The Latest: Flights from UK to Greece can resume July 15
ATHENS, Greece — Greece’s government has announced that direct flights from the United Kingdom to all airports in Greece can resume on July 15.
Government spokesman Stelios Petsas said Monday the decision was made “in cooperation with the British government and after the recommendation of experts.” Greece had previously banned all flights from Britain due to the extent of the coronavirus spread there.
Britons are among the top tourist visitors to Greece, and the country is eager to ensure it can salvage whatever it can from this year’s summer tourism season. The sector accounts for around 20% of Greece’s economy.
Direct flights from Sweden have also been banned until at least July 15. Petsas said Greece was still “watching the epidemiological data” from Sweden, and would make announcements depending on how the situation there evolves.
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Follow all of AP’s pandemic coverage at http://apnews.com/VirusOutbreak and https://apnews.com/UnderstandingtheOutbreak
HERE’S WHAT ELSE IS HAPPENING:
MADRID — Traffic controls are in place Monday into and out of two northern Spanish counties that have renewed lockdowns to contain significant spikes in coronavirus infections.
The restrictions to leave or enter these areas unless it’s for work or extenuating reasons affect some 70,000 residents in the northwestern county of A Mariña, in the northern Atlantic coast, and over 200,000 in northeastern Catalonia’s Segrià county around Lleida.
The latter is particularly worrying because it affects migrant laborers harvesting fruit who are considered highly vulnerable to contagion.
Catalonia’s regional health authorities are warning that residents could be asked to stay at home if the outbreak there doesn’t subside.
The small-scale lockdowns come two weeks after Spain ended a national state of emergency that enable the national government to lock down the entire country and prohibit travel between provinces or certain areas since mid-March.
Over 28,000 people are confirmed to have died from the virus in Spain.
PAMPLONA, Spain — Residents in Spain’s northern Pamplona are dressing up in white clothes and donning a traditional red scarf in a nostalgic move to mark that their annual San Fermin festival has been canceled this year due to the ongoing coronavirus pandemic.
Known for the races with bulls running along cobbled streets, the festival was popularized by Ernest Hemingway’s 1926 novel “The Sun Also Rises” and was last called off during the Spanish Civil War in the 1930s.
With more than 28,000 deaths for the novel virus and an economy in the doldrums following a strict nationwide lockdown, local authorities say there is little to celebrate.
Some 400 people gathered at noon on Monday at a central square where in normal times more than 12,000 would witness the launch of a rocket known as “Chupinazo” to open the nine-day festival, bathing each other with red wine and champagne.
Instead of the rocket, a large sign from the city hall’s facade displayed the slogan #WeWillExperienceThem, which is meant to invite locals and the hundreds of thousands of visitors that Pamplona usually hosts to come back for next year’s celebrations.
DUBAI, United Arab Emirates — Children 6 years old and above must wear masks at school, while children of all ages will undergo temperature checks at school gates, cannot participate in festivals, concerts or field trips and must be spaced 1.5 meters apart in classrooms, according to new guidelines issued by Dubai for private schools when they reopen.
Teachers, who must also wear some form of masks, are encouraged to use clear face shields that show their facial expressions, but meetings with parents should be held online.
Only one parent, wearing a mandatory mask, is allowed to drop off and pick up their children with staggered timings to avoid crowding. Students’ bags and shoes must be sprayed with sanitizer when arriving at school, while common areas and shared computers must be sanitized throughout the day.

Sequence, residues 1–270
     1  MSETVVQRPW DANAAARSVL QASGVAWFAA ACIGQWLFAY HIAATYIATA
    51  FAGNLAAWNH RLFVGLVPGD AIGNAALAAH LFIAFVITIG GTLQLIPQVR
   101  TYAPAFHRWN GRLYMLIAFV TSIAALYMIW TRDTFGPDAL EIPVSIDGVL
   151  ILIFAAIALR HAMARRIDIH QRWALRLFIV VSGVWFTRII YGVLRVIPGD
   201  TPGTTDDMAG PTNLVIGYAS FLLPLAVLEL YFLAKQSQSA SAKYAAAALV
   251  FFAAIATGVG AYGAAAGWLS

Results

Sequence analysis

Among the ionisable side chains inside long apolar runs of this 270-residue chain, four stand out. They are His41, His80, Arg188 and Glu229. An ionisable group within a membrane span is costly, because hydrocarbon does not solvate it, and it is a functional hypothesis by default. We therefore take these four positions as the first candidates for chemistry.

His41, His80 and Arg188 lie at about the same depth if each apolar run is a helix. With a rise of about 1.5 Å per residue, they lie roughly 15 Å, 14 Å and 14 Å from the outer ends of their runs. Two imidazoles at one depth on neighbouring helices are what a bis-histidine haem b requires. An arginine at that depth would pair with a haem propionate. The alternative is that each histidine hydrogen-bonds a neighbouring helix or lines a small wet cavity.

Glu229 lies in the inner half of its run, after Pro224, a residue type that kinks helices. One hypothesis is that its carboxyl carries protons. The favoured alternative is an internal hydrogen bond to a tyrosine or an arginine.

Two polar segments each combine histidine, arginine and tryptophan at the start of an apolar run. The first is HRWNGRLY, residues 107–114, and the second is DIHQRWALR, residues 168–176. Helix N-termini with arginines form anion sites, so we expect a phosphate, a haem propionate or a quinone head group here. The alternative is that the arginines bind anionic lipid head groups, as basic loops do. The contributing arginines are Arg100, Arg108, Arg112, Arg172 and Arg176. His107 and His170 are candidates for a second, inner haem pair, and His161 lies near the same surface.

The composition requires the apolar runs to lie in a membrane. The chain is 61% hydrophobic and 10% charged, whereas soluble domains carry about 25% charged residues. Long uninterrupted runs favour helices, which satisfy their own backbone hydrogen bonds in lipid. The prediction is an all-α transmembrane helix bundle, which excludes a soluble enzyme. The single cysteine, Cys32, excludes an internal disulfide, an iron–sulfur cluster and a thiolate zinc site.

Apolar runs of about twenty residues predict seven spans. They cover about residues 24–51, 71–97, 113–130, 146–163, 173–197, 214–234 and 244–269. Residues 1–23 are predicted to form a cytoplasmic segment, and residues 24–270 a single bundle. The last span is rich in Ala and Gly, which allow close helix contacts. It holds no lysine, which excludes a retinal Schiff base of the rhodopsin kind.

In addition to designating an isolated room for suspected cases of the virus, schools will not be allowed to open their pools or hold sports tournaments, and showers and changing rooms must remain closed.
Schools in Dubai were closed to students in March due to the coronavirus. Most students in Dubai, who are majority foreigners, attend private schools and will be impacted by the guidelines issued Sunday.
ISLAMABAD — Pakistan’s Minister of State for Health Zafar Mirza tested positive for the coronavirus, the latest high profile government minister to contract the virus.
Foreign Minister Moahmood Qureshi announced Friday that he too tested positive for the virus.
The two men say their symptoms are mild. In a tweet on Monday, Mirza said he is self-isolating.
Pakistan has recorded 231,813 infections and 4,762 deaths. Prime Minister Imran Khan has refused to impose strict lockdowns, easing many restrictions, but ordering people to wear masks and social distance, though most people, especially among the poor and in the congested cities are not able to keep their distance.
The government has sealed hundreds of markets throughout the country where large numbers of infections have been discovered.
BERLIN — Germany’s MTU Aero Engines says it plans to cut staffing by 10-15% by the end of next year due to the coronavirus pandemic’s impact on aviation.
The Munich-based engine manufacturer said Monday that the reduction in “personnel capacities” will be carried “largely through individual agreements” such as the increased use of partial and early retirement. It will also use measures already initiated such as an extensive hiring freeze and a reduction in work hours.
CEO Reiner Winkler said in a statement that it will be years before air traffic returns to pre-crisis levels. He said that the company has “no interest in compulsory redundancies” and will coordinate its approach with its employee council.
The company had more than 10,000 employees as of last year.
LONDON — The British government has announced a big pot of money to help the country’s renowned arts and cultural institutions recover from the coronavirus pandemic, after some theaters and music venues warned that without support they might never open again.
The 1.57 billion-pound ($1.96 billion) package for museums, galleries, theaters, cinemas, heritage sites and music venues includes almost 900 million pounds in grants and more than 200 million pounds in loans.
Details of how the money will be distributed have not been released, but leaders of arts organizations breathed a sigh of relief. Tamara Roja, artistic director of the English National Ballet, said “this package gives our sector a fighting chance of survival.”
Some U.K. arts institutions are starting to open their doors after more than three months of lockdown, starting with the National Gallery in London, which reopens Wednesday.